The most famous and enduring characters don’t just overshadow their creations, they usually consume them. It’s easy to imagine the naval intelligence officer Ian Fleming, for instance, as a proto-James Bond, or Arthur Conan Doyle’s marvelling at the deductive methods of Dr Joseph Bell as rehearsal for Sherlock Holmes and Dr Watson. Don’t let the truth get in the way of a good story.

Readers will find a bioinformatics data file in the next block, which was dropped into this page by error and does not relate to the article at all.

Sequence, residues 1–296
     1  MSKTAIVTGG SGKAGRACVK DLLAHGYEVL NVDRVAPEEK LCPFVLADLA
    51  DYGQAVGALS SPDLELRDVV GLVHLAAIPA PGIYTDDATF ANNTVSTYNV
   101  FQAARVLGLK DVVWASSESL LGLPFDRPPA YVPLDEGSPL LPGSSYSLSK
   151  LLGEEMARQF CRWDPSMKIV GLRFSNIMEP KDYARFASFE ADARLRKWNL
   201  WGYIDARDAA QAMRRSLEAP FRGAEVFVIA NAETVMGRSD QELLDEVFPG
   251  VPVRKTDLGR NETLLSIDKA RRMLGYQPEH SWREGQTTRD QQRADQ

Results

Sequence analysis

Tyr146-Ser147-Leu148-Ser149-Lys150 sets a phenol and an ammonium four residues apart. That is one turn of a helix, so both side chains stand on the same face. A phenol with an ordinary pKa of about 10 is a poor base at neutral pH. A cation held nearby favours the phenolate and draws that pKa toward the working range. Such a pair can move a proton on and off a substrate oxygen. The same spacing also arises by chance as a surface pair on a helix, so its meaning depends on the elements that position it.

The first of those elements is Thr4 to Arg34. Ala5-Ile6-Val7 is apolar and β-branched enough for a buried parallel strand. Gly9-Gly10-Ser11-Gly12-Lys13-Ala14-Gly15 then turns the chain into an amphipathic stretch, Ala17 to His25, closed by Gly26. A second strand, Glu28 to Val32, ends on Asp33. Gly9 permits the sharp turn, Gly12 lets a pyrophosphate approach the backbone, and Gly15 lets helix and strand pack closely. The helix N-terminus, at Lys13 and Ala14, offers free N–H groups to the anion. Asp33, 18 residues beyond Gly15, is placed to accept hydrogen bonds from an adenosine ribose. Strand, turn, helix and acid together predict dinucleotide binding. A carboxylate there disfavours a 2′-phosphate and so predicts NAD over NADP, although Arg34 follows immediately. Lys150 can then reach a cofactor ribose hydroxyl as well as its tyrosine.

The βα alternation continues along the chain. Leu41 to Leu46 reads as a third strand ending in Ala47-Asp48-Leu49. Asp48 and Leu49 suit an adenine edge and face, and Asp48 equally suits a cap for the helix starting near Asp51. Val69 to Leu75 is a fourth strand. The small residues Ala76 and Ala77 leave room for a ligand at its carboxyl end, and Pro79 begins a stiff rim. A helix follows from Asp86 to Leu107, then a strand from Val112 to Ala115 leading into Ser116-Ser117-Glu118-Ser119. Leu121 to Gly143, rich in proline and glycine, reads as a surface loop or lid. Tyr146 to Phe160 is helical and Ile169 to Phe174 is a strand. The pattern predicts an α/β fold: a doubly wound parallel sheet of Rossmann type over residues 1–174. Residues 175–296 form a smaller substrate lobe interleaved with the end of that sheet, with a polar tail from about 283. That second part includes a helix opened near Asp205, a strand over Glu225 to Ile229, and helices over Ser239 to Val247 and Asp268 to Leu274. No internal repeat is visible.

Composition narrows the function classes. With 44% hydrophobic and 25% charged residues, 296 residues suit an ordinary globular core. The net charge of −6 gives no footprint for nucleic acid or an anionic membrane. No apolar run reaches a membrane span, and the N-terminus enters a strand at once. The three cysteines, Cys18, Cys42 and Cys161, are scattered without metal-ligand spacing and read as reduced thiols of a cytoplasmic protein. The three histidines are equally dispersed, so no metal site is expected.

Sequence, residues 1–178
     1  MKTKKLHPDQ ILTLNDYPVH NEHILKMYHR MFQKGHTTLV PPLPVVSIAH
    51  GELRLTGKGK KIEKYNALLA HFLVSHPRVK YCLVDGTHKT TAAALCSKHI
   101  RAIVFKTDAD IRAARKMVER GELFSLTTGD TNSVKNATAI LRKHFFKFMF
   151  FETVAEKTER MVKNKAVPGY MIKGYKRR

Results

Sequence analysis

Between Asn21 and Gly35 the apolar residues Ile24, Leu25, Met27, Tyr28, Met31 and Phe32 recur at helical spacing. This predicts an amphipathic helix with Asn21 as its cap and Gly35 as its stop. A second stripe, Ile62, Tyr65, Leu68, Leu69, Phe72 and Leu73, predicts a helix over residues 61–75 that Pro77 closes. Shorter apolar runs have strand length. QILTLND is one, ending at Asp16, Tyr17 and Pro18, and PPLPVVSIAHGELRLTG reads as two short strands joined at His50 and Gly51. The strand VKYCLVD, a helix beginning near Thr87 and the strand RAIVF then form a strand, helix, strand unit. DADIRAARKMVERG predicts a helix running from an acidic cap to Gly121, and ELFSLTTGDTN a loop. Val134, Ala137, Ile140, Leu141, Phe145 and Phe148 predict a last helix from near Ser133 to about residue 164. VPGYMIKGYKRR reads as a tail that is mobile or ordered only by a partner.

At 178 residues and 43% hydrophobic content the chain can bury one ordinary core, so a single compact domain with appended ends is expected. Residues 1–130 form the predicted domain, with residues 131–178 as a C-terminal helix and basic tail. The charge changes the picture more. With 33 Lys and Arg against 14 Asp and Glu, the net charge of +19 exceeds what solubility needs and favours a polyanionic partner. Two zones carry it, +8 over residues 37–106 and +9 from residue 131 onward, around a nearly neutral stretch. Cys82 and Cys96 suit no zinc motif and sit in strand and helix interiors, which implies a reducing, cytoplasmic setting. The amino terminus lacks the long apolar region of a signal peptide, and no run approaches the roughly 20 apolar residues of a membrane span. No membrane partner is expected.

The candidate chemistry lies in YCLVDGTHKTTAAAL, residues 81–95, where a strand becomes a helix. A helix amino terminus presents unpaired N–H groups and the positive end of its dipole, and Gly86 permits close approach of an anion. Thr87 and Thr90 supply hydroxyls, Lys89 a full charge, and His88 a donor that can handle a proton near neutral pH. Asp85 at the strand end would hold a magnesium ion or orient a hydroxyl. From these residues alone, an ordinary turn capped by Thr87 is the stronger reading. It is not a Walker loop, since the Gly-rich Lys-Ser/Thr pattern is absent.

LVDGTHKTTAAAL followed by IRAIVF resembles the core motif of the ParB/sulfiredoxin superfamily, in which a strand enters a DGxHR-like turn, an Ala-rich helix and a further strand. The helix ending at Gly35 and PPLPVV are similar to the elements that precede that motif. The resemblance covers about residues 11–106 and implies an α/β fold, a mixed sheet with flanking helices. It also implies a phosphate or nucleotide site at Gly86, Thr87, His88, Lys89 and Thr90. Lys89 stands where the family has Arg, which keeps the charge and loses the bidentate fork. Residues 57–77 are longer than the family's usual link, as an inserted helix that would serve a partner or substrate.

Paul Walker’s new play about Bram Stoker for Ouroboros Theatre Company largely resists the temptation to glibly shape Stoker’s biography as just a preamble of inspirations leading to the invention of Dracula. But it is also shrewdly aware of the gothic expectations of its audience.